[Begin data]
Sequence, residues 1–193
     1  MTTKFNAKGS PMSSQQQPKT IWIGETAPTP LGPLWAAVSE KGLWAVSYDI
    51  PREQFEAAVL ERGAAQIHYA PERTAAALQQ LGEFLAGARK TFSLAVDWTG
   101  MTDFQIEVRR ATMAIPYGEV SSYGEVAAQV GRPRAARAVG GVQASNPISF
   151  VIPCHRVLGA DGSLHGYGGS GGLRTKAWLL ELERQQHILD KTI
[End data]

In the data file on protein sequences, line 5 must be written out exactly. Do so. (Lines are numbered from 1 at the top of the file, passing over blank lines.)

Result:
   151  VIPCHRVLGA DGSLHGYGGS GGLRTKAWLL ELERQQHILD KTI